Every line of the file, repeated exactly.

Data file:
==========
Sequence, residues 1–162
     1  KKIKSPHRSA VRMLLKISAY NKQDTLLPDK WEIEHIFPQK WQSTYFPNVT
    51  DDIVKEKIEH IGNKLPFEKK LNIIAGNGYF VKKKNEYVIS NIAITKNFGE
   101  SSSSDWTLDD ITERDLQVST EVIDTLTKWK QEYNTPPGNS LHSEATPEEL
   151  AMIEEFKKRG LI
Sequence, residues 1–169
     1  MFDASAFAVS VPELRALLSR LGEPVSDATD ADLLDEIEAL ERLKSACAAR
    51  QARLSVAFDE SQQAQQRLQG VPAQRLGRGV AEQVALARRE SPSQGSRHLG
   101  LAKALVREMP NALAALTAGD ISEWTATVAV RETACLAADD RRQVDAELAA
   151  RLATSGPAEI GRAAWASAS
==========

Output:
Sequence, residues 1–162
     1  KKIKSPHRSA VRMLLKISAY NKQDTLLPDK WEIEHIFPQK WQSTYFPNVT
    51  DDIVKEKIEH IGNKLPFEKK LNIIAGNGYF VKKKNEYVIS NIAITKNFGE
   101  SSSSDWTLDD ITERDLQVST EVIDTLTKWK QEYNTPPGNS LHSEATPEEL
   151  AMIEEFKKRG LI
Sequence, residues 1–169
     1  MFDASAFAVS VPELRALLSR LGEPVSDATD ADLLDEIEAL ERLKSACAAR
    51  QARLSVAFDE SQQAQQRLQG VPAQRLGRGV AEQVALARRE SPSQGSRHLG
   101  LAKALVREMP NALAALTAGD ISEWTATVAV RETACLAADD RRQVDAELAA
   151  RLATSGPAEI GRAAWASAS